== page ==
Some comics change everything. Maybe they re-write the rules of the industry like The Dark Knight Returns or Watchmen did in the '80s. Other comics do the exact opposite and quickly and definitively earn the ire and hate of fans around the world. This is a list about those comics - comics so bad that it sometimes took writers, illustrators, and publishers years to recover. These are the comic books fans hated.
In some cases, the comics ruined great characters, like Spider-Man in Sins Past and Trouble. Others are simply comics that probably shouldn't have been released, like an awful run of Barbie comics or Marville. Whatever the case, keep reading below to see the comics that changed everything, for the worse.
Marville Was the Joke Nobody Understood
Marville maintains a unique place on this list in that it was intentionally bad, at least in the beginning, but even for a bad graphic novel, it still wasn't any good. What started out as a satirical work went way too far out. Even the most diehard comic book fans were at a loss when it came to defending the actions of some of their favorite comic book characters in this epic fail. The tongue-in-cheek series lasted all of seven editions before producers were forced to call it quits. By that time the damage had already been done.
This one put Iron Man in a position where he almost drops a racial slur and then proceeds to make fun of religion and comic book characters. Again, in a comic book that was created for fans of comic book characters - some of whom might actually be religious. Marville has been bashed by fans, critics, art lovers, and just about everyone else with taste. Needless to say, Marvel lost a lot of fans with this one.
Ultimatum, Just... Everybody Dies
Ultimatum was the wave that nearly sunk Marvel Comics. This limited series superhero storyline relied heavily on shock value. When the writers conjured up a tidal wave that took out, well, pretty much everybody who is anybody in comics, fans panned the entire series. It's worth mentioning that writer Jeph Loeb took a much bigger hit than the illustrators did, which shows a uniqueness in comic book fans and their ability to separate different aspects of the same series, placing blame on individuals rather than characters and/or whole development crews.
It is estimated that Marvel lost more than 27,000 readers in the wreck that was Ultimatum, not to mention Daredevil, Cyclops, Ant Man, Wolverine, Professor X, Wasp, Dr. Strange, Nightcrawler, and even Magneto, the villain who set the wave in motion to begin with.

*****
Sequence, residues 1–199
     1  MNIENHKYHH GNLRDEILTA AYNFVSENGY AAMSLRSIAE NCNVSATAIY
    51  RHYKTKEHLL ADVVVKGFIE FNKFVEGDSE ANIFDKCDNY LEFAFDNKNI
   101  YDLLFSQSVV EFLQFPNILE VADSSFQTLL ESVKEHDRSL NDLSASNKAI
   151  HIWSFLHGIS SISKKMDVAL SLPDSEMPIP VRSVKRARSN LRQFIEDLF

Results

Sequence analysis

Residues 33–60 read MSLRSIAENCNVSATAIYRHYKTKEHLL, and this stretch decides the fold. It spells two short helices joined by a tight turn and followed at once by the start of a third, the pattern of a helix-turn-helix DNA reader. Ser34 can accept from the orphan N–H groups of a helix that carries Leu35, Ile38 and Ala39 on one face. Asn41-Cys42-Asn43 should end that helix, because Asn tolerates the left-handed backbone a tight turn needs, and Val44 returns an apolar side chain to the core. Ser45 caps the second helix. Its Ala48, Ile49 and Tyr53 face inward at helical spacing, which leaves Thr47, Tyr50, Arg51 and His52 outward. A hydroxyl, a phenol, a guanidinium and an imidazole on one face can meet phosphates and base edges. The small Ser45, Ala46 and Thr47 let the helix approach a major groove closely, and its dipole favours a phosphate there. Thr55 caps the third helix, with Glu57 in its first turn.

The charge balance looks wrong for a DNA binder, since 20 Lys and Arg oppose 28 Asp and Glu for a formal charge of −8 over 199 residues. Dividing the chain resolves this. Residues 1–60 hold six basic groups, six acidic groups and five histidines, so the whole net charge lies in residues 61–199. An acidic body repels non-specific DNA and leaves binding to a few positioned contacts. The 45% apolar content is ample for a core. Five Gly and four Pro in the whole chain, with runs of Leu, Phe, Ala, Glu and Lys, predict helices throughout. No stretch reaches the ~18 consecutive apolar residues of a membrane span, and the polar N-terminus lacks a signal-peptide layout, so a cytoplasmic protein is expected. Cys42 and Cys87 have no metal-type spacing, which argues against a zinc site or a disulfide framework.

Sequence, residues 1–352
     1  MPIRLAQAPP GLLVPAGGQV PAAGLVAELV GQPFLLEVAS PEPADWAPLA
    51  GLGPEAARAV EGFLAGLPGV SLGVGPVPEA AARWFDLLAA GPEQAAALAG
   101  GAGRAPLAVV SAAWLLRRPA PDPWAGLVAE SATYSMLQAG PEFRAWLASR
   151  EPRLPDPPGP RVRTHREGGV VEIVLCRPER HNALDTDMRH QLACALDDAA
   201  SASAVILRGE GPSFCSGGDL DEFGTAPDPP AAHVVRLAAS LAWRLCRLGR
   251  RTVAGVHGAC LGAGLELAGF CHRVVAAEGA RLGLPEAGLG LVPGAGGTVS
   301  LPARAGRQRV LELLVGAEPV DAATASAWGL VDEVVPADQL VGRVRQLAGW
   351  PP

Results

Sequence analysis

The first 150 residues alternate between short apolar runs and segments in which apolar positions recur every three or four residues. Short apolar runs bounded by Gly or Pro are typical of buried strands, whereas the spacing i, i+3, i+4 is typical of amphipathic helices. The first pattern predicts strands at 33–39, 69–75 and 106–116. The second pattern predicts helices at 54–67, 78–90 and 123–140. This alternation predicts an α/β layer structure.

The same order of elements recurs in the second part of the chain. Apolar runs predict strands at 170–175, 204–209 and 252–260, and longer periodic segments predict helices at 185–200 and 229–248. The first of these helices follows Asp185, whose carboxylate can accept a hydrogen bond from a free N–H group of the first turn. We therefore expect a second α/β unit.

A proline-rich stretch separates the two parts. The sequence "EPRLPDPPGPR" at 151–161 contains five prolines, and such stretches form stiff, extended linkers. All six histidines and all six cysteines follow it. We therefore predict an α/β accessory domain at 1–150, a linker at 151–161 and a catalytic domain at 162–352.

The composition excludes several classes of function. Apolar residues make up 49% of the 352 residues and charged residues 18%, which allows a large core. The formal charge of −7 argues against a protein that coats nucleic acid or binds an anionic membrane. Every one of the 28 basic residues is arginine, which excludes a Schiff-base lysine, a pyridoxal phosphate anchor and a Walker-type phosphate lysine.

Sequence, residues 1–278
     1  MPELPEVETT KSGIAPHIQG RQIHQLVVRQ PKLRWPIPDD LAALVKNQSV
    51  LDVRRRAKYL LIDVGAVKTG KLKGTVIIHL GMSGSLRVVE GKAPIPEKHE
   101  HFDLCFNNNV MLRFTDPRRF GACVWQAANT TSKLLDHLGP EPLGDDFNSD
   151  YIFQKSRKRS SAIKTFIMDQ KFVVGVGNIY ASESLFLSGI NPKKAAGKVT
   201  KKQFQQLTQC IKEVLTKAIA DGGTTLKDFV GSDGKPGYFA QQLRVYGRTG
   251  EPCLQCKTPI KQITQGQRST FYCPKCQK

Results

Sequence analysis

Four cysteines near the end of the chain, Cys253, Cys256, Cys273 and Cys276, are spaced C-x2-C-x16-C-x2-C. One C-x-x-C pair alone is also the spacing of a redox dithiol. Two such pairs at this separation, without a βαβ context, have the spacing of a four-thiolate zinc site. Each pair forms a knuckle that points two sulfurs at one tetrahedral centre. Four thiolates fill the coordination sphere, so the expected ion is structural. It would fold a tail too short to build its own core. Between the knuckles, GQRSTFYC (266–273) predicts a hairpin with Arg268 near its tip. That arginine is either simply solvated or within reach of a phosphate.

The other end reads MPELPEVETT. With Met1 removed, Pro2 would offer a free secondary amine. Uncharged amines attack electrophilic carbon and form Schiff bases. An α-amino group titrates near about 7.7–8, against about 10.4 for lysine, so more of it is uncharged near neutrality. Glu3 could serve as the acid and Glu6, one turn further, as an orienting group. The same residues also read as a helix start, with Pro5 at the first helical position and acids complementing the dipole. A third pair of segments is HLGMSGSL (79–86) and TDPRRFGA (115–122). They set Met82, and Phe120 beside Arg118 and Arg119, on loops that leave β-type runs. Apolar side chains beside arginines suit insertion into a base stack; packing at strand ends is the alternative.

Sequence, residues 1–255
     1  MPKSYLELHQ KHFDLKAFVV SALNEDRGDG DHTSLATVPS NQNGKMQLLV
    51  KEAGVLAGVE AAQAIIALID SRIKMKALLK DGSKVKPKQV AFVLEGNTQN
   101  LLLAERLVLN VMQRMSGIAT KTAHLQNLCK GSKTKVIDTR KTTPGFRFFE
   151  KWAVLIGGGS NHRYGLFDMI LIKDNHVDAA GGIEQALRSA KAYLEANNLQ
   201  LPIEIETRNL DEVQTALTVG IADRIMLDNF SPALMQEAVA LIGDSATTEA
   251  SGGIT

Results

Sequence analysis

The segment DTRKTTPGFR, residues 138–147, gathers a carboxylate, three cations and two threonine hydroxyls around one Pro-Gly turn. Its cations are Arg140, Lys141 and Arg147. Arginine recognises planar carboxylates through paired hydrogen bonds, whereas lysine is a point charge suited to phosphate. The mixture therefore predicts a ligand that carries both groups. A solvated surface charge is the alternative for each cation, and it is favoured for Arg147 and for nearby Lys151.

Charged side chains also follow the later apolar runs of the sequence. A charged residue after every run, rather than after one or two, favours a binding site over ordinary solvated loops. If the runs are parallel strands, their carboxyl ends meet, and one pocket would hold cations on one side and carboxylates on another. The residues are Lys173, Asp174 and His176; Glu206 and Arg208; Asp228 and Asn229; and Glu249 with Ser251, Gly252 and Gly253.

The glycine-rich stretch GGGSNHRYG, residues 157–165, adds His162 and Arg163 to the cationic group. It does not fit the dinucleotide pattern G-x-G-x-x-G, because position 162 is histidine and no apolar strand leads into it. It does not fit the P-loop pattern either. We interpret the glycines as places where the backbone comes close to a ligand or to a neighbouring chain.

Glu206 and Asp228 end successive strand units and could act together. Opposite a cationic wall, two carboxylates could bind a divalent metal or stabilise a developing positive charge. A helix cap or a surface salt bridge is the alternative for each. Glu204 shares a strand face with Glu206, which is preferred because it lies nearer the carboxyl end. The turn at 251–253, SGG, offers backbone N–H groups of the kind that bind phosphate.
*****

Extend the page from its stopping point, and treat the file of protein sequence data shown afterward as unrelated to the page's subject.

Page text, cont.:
Sins Past Ruins Gwen Stacy for Spider-Man Fans
In Sins Past, a truly cringe-worthy graphic novel, it gets revealed that Spider-Man's recently deceased sweetie Gwen Stacy had an affair, and subsequently a pregnancy, with Spidey's arch nemesis Norman Osborn. The end result was twin children that were not the seeds of Spider-Man. Fans were, and still are, absolutely furious at the notion.
This novel changed the Spider-Man romance backstory, hurling an unnecessary dagger into cupid’s arrow and forcing Peter Parker into going to some rather questionable extremes, like grave robbing, in order to unravel the mystery surrounding the twins. Sins Past certainly left a cynical mark on the hearts of otherwise loyal Spider-Man fans and poor Gwen Stacy had to take that tainted secret with her to the grave.
NFL Superpro Proves There's You Really Can Be Too Super
Sports fans and comic book fans seem to agree that NFL Super Pro was, to quote, “the worst comic book ever created." It ran for almost a full year and featured 13 issues before being canned for what readers described as listless plot lines and poorly written characters. It's also entirely possible that this book met with such sour reviews purely out of sheer envy from its audience.
It's a well-known fact that sports players, particularly NFL players, are often granted massive salaries on top of being blessed with above-average physical skills. When you add to that an elongated list of superpowers, it's easy to see why some fans might have a little bit of trouble cheering them on. In truth, it does seem as if this series died because its star was simply “too super” and therefore not relatable to readers. Whatever the reason may be, Phil Grayfield and his indestructible football uniform never quite touched down, even with Spider-Man and Captain America sporadically popping in to say hi.